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Taxodium distichum var. imbricatum

Pond Cypress

A large conifer to about 30 m tall, with a buttressed trunk that can reach over 2 m in diameter. While young trees have a conical crown, older ones develop a broad, flat one. The deciduous, short, needlelike leaves turn an attractive orange brown in fall. The Pond Cypress is found at low elevations in swamps and along watercourses in Virginia, North Carolina, South Carolina, Florida, Georgia, Alabama, Mississippi and Louisiana. These conifers--with tall, buttressed trunks rising out of gloomy, black, swampy water and crowns draped with long strands of Spanish moss--are one of the characteristic images associated with the deep south of the United States. Natural stands have been under much logging pressure in the past for their extremely rot resistant wood. In cultivation it is the perfect tree for the edge of a pond, lake or stream. It does well in most temperate climates from USDA Plant Hardiness Zones 7 to 10 or perhaps lower. Seeds should be soaked for 5 minutes in alcohol (ethanol) before sowing and cold stratified for 2-3 months after planting.

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If you wish to read more on palm cultivation, we highly recommend Ornamental Palm Horticulture by Timothy K. Broschat and Alan W. Meerow, available in our bookshop.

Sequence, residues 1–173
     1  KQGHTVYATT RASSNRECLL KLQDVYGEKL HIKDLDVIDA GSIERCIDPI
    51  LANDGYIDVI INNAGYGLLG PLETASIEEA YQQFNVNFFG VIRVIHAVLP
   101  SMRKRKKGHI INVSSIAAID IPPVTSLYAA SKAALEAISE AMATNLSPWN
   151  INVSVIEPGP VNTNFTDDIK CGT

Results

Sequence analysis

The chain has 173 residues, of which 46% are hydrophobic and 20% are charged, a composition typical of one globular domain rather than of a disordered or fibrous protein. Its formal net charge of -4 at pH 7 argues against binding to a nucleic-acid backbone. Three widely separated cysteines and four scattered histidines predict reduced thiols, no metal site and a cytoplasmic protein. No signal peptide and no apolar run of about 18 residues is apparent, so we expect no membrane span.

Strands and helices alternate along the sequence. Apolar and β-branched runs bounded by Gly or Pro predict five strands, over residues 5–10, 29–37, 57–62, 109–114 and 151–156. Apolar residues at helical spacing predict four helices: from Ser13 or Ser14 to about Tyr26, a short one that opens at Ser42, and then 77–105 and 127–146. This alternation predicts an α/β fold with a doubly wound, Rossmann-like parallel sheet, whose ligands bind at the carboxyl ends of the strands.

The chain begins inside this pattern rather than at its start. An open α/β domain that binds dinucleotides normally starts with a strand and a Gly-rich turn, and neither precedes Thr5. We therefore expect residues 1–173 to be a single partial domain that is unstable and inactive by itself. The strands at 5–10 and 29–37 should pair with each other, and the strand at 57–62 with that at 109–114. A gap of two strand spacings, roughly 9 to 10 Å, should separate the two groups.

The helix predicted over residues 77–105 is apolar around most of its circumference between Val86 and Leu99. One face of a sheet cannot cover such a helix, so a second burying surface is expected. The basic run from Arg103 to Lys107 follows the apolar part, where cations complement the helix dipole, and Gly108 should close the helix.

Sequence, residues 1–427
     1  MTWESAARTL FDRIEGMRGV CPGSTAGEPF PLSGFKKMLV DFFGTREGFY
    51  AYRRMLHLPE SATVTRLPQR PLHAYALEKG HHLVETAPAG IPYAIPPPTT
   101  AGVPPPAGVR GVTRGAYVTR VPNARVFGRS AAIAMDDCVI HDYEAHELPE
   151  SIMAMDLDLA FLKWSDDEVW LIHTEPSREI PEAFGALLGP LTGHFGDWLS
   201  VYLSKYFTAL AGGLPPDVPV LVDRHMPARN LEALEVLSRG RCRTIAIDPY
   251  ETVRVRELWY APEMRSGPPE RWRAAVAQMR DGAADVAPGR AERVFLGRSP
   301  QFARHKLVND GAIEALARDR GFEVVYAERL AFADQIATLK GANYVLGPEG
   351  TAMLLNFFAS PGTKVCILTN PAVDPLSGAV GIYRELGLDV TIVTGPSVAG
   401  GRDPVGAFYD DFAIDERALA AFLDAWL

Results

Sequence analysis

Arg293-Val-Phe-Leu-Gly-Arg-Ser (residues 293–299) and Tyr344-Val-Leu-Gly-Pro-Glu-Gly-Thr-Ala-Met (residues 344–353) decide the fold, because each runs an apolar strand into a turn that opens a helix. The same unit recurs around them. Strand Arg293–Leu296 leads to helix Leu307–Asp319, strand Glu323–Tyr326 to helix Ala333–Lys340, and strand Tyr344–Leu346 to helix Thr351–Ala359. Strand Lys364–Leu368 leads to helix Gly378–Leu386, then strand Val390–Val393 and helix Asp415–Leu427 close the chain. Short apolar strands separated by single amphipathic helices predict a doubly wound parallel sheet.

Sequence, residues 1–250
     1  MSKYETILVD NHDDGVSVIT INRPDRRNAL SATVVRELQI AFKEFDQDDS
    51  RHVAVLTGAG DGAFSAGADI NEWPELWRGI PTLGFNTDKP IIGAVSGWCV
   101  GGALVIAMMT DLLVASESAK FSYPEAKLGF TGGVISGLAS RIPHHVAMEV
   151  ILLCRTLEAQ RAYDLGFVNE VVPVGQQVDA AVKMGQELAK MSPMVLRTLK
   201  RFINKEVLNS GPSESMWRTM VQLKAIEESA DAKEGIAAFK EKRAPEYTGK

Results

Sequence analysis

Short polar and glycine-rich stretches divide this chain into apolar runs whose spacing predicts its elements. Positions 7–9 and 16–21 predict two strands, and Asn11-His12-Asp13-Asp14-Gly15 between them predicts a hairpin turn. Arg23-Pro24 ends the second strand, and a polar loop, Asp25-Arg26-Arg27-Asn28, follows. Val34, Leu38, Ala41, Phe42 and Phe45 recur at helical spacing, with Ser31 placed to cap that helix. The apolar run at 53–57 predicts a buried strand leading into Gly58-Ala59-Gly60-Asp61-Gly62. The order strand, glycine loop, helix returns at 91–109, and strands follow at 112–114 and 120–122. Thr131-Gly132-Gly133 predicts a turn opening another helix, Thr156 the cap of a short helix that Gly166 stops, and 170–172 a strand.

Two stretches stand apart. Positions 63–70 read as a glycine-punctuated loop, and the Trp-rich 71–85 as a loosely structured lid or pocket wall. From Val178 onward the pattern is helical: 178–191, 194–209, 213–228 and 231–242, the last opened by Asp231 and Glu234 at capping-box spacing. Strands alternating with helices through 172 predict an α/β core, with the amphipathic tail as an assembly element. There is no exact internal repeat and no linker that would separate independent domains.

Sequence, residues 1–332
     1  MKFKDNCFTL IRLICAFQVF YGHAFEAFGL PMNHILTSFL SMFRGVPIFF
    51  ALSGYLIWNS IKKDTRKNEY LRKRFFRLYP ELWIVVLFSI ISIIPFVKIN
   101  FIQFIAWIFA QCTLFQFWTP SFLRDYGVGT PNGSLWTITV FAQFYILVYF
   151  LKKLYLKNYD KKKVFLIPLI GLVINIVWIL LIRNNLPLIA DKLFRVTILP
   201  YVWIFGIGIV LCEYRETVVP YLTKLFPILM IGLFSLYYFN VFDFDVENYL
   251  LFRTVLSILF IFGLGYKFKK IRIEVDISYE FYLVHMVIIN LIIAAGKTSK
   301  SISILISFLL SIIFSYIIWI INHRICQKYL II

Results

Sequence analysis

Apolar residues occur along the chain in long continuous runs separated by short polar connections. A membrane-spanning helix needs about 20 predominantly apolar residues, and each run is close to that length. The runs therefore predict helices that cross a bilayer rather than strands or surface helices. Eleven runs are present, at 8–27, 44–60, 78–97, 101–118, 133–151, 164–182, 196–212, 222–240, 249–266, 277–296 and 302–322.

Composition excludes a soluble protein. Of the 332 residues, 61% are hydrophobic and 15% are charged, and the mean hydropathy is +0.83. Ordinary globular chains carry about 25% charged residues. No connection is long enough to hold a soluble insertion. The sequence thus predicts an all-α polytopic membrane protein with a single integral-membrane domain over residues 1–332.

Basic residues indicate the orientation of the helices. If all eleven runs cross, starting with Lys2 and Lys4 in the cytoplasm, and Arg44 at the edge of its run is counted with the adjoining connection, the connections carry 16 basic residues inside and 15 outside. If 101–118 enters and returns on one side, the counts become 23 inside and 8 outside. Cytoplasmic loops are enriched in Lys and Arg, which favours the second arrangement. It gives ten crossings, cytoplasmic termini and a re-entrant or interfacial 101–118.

Ratings and comments reflect individual experiences and the views of our visitors. They do not necessarily describe the most appropriate methods, nor are they necessarily valid for all seeds or plants of this species. Germination and plant cultivation success depends on many different factors; nevertheless, these experiences will hopefully aid you in your effort to get the best germination results from our seeds and the best growth results from your plants.

We recommend:
The Encyclopedia of Cultivated Palms

The Encyclopedia of Cultivated Palms
by Robert Lee Riffle, Paul Craft, Scott Zona

2nd edition
Completely revised and updated

Hardcover - 528 pages
11 x 8.5 inches

Our rating:
Suitable for: all

The Encyclopedia of Cultivated Palms is the definitive account of all palms that can be grown for ornamental and economic use. Palms are often underutilized as a result of their unfamiliarity—even to tropical gardeners. To help introduce these valuable plants to a new audience, the authors have exhaustively documented every genus in the palm family.
825 species are described in detail, including cold hardiness, water needs, height, and any special requirements. Generously illustrated with more than 900 photos, including photos of several palm species that have never before appeared in a general encyclopedia, The Encyclopedia of Cultivated Palms is as valuable as an identification guide as it is a practical handbook. Interesting snippets of history, ethnobotany, and biology inform the text and make this a lively catalog of these remarkable plants.

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